For your sakes, children, I hope this proves to be a work of fiction."
It's set in the Crapsack World of New York City in the (then) far-future year of 1999, a world beset by severe overpopulation and environmental collapse, where a bland artificial food called soylent (made from soy and lentils) is the best thing most people ever get to eat.
When wealthy racketeer "Big Mike" O'Brien is killed, NYPD detective Andy Rusch is assigned to investigate the murder – a daunting task, in a city of 35 million inhabitants. Rusch finds himself getting romantically involved with the murdered man's concubine, Shirl. Meanwhile, the killer – a poor, teenage petty criminal named Billy Chung – attempts to elude capture.
It is now best-known as the inspiration for the film Soylent Green. (The famous secret of Soylent Green was invented for the movie, and isn't in the book.)
This novel provides examples of:
- 20 Minutes into the Future: The book was written in 1966 and set in 1999.
- An Aesop: The Aesop of the novel is that birth control should be legalized. It's easy to forget how controversial a statement this once was. In the United States, it had only been legalized nationally by the Supreme Court's decision in Griswold v. Connecticut, just one year before the novel was published. Even then, it would remain illegal for unmarried couples to use birth control until 1972 (Eisenstadt v. Baird). Since then, along with abortion, better agricultural techniques, medicine, etc. global population growth rates have dropped increasingly, especially in the most developed countries.
- Break Out the Museum Piece: A crowd riot gets so out of hand that the police have to use weapons from a museum to break up the fight.
- Crapsack World: In addition to the everything crapsack-y about the movie, the transportation system has completely broken down. In other words, everyone is trapped in the city; the only non-human-powered vehicles mentioned are old buses taken from a history museum, used by the police and running on extremely low grade fuel.
- "Double, Double" Title: The title is formed by duplicating "Make Room!"
- Downer Ending: The story doesn't end happily for any of the principle characters. Billy and Sol are dead. Andy has been temporarily demoted to being a patrolman and Shirl has left him. On top of it all, the population is still increasing with no end in sight.
- Eat the Dog: "Leg of dog" is one of the rare delicacies offered at a black-market butcher shop.
- The End Is Nigh: A secondary character is Peter, a defrocked priest turned hermit who's eagerly awaiting the Turn of the Millennium, which he assumes will bring the end of the world. He's sorely despondent when it doesn't.
- Elder Abuse: "Eldsters" are forcibly retired from work so younger people can have their position.
- Failed Future Forecast: The novel's "overpopulated" dystopia has a world population of around seven billion – a number surpassed in Real Life in the early 2010s. The final line of the novel describes the United States as having 344 million people, only 16 million more than the real-word total in 2019. Meanwhile, New York City has yet to pass the nine million mark even two decades past the novel's setting, never mind thirty five million.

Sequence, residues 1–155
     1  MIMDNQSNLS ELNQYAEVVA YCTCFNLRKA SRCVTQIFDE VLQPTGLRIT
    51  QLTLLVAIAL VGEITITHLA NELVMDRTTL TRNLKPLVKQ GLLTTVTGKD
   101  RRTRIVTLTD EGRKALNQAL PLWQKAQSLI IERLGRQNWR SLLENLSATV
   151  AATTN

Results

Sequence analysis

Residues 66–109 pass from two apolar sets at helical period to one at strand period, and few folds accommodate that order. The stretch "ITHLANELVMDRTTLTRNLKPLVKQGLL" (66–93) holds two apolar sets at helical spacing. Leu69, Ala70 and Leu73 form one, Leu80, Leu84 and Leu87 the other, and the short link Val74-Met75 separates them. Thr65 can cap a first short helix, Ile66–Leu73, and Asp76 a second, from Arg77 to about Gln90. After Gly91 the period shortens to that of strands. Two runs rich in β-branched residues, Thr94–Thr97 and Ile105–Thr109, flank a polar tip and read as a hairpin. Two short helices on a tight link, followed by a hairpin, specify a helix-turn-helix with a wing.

- Future Food Is Artificial: Soylent steaks made of soy and lentils are an expensive item.
- Gaia's Lament: Earth's fate as a whole.
- Global Warming: Barely a page goes by without someone complaining about the ever-present humidity... in New York at winter time.
- Gold Digger: Shirl, Big Mike's former mistress, who hooks up with Andy only to leave him for someone wealtier.
- Lighter and Softer: Surprisingly yes, compared to the movie, if only mariginally, since things aren't quite as bad in the novel as they are there. At least not yet, since the movie is set about 20 years later.
- New Year Has Come: The novel ends shortly after midnight on January 1, 2000.
- Not His Sled: An unusual inversion, thanks to Adaptation Displacement. Unlike the movie, and it's infamous Twist Ending about the true nature of Soylent Green, there's no such twist here; Soylent Green doesn't exist, and the product it was based on, Soylent Soy, really is just made from soy and lentils.
- Only Electric Sheep Are Cheap: Even soy-based faux steak is expensive and worth practically rioting over.
- Overpopulation Crisis: The central issue which is destroying society in the book.
- Post-Peak Oil: Cities effectively become their own totally isolated city states when the oil becomes too rare to use. The only form of long-distance transport mentioned are large freighters (shipping food to the millions effectively trapped in cities); on the local level, motorized transit has been replaced with human-powered "pedicabs" and "tugtrucks".
- Sci-Fi Writers Have No Sense of Scale: As previously mentioned, apparently Harrison couldn't imagine a world with 7 billion people (more than double the world population of 3.4 billion at time of writing) not having all the problems his book shows.
- Soylent Soy: Played straight, unlike the film adaptation.
- Used Future: We never get to see how the wealthy live, other than that they have access to "luxuries" like running water and fresh food, but everyone else is stuck using decades-old tech that's falling apart, if it works at all. Andy's apartment has an old TV and a refrigerator hooked up to a bicycle generator.
- We Will Use Manual Labour in the Future: The few people who even have jobs anyway, there doesn't appear to be any sort of automation anymore.
- We Will Use WikiWords in the Future: Soylent, which is a portmanteau of "soy" and "lentil".